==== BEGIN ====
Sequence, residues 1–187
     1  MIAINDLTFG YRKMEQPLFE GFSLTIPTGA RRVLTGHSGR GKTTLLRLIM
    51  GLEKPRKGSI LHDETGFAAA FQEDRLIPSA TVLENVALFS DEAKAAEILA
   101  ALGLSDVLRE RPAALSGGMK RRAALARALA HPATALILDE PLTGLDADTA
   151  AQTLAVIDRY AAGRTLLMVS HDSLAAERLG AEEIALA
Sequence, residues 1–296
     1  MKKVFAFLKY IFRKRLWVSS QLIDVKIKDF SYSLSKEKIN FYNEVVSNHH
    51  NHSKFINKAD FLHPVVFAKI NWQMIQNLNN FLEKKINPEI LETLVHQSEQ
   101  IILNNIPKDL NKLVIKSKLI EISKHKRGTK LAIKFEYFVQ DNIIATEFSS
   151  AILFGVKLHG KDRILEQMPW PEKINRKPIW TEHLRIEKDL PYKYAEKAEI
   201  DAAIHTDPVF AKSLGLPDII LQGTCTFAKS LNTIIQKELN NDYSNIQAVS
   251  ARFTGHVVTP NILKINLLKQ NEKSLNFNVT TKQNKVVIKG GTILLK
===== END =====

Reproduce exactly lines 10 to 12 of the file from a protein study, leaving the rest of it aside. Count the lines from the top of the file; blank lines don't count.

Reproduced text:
   151  AILFGVKLHG KDRILEQMPW PEKINRKPIW TEHLRIEKDL PYKYAEKAEI
   201  DAAIHTDPVF AKSLGLPDII LQGTCTFAKS LNTIIQKELN NDYSNIQAVS
   251  ARFTGHVVTP NILKINLLKQ NEKSLNFNVT TKQNKVVIKG GTILLK